The Business of Shark Repellent: These Startups Say They Can Keep You Safe in the Water
For surfers in summer, unappetizing is the new black.
PHOTO CREDIT: Courtesy Sharkbanz
Nathan Garrison was a teenager growing up in Charleston, South Carolina, when a friend told him about the time a shark ripped said friend from a surfboard and dragged him underwater. The pal survived, but Garrison was scarred. So, in 2015, he and his father invented Sharkbanz--wrist and ankle bands and leashes that connect surfers to their boards with Velcro straps, which contain magnets that create an electromagnetic field that repels sharks. It makes sharks feel the way humans do when a bright light shines in their eyes, Garrison says. "It's a defense," he adds. "Before, you were relying on luck." Last year, Sharkbanz took in almost $970,000, way up from 2015's $617,000.
Sharkbanz house magnets that create an electromagnetic field that repels sharks.CREDIT: Courtesy Sharkbanz
Sharkbanz isn't the only company trying to prevent sharks from taking a bite out of your ocean fun. Surf competition organizers have started using drones to monitor waters from above for signs of sharks, paying close attention to shadows and shapes lurking in the curl of a wave.
There are also several apps that track tagged sharks or report shark sightings. For example, Sharktivity provides information on great white shark sightings and detections in the New England area. The app was developed by the Atlantic White Shark Conservancy, in collaboration with the Massachusetts Division of Marine Fisheries, Cape Cod National Seashore, and local officials. Cape Cod has maintained a reputation as a great white shark haven since the movie Jaws was filmed on Martha's Vineyard in the early 1970s, but the Conservancy hopes the app will help people and sharks co-exist peacefully.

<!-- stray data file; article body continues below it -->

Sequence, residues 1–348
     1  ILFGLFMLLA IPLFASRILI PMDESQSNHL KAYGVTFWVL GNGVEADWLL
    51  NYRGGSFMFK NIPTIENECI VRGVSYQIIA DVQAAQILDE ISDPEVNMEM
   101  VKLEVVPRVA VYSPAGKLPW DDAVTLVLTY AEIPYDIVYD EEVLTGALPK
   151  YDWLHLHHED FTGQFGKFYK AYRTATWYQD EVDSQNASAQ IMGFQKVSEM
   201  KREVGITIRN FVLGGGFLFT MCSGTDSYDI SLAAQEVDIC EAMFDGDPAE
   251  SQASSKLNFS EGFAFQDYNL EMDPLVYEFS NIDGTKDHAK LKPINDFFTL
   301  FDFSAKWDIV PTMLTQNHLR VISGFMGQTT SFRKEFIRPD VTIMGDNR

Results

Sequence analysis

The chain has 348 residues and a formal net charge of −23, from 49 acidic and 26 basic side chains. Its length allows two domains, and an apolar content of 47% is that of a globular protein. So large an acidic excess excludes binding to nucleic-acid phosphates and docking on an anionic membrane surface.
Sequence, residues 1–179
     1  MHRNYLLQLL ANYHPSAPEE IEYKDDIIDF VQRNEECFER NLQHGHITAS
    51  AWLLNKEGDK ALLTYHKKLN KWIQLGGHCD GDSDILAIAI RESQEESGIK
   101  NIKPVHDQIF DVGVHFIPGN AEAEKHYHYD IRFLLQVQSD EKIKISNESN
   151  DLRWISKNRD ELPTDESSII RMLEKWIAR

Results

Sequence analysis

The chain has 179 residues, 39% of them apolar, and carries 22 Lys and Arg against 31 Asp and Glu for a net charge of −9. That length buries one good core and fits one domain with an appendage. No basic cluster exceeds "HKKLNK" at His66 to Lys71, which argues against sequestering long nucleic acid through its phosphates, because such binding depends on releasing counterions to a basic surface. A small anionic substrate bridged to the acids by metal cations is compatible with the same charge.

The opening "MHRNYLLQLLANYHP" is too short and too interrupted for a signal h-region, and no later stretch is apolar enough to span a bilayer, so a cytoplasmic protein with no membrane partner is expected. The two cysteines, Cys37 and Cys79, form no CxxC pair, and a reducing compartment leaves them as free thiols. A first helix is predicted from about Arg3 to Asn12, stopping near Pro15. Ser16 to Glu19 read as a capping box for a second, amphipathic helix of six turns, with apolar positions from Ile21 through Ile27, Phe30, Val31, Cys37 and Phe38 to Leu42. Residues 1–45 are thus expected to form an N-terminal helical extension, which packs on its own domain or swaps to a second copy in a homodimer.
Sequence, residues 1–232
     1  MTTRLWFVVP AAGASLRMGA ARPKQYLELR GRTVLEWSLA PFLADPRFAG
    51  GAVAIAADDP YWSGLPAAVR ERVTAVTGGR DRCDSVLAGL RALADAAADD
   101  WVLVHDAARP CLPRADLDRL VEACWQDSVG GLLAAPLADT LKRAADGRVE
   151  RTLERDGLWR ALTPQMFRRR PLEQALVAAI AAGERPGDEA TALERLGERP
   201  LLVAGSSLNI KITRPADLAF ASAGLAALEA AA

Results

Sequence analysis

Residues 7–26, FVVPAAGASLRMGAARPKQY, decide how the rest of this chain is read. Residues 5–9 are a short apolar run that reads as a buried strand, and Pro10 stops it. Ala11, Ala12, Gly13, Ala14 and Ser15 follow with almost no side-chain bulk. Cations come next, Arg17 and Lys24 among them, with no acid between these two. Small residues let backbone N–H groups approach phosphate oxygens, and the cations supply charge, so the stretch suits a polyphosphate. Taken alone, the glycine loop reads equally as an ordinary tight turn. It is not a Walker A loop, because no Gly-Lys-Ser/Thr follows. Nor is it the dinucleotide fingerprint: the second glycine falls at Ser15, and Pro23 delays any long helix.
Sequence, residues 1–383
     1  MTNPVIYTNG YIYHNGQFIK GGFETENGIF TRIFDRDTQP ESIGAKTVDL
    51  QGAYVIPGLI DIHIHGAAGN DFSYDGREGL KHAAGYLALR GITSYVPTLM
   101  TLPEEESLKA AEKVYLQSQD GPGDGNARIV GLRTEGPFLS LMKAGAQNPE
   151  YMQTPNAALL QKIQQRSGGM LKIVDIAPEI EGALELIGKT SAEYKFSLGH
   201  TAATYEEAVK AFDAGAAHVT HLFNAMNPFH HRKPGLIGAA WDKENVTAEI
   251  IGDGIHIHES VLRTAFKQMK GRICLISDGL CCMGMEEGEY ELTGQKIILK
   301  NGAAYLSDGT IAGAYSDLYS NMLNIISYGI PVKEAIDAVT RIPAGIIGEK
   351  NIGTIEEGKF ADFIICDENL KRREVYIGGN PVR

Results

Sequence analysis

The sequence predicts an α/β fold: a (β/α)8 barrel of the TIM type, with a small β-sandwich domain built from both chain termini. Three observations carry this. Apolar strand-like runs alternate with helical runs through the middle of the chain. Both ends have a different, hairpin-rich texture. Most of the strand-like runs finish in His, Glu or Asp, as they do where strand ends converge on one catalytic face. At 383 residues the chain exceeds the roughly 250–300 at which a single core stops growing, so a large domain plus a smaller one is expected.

Another option for beachgoers who don't want to spend their summer in the sand: Australian startup Smart Marine Systems, which makes two wetsuits designed with visual technology that it claims reduces the risk of shark attacks. The patterns were created to confuse sharks' vision and make the wearer appear confusing or unlike typical prey, Smart Marine Systems' technology general manager, Simon O'Sullivan, told Inc.
Smart Marine Systems' Diverter (left) and Elude wetsuits. The company claims the patterns are designed to reduce the risk of shark attacks.CREDIT: Courtesy Smart Marine Systems
The goal of the company, O'Sullivan says, is to develop non-invasive marine technology that gives people an added layer of protection when spending time in waters that sharks frequent. O'Sullivan and his team have other products that aim to protect people from sharks, but the wetsuits are some of the least expensive: One costs about $240, which is the average price of a similar wetsuit on Amazon.
SMS's "Elude" wetsuit is designed with light and dark blue patterns that are meant to hide the wearer in the water. This suit was conceptualized with divers in mind and helps mask them in the water column. The second suit, called "Diverter," is striped with navy and white and meant to look unpalatable to sharks, unlike black wetsuits, which make humans resemble those predators' favorite snack: seals. For surfers in summer, unappetizing is the new black.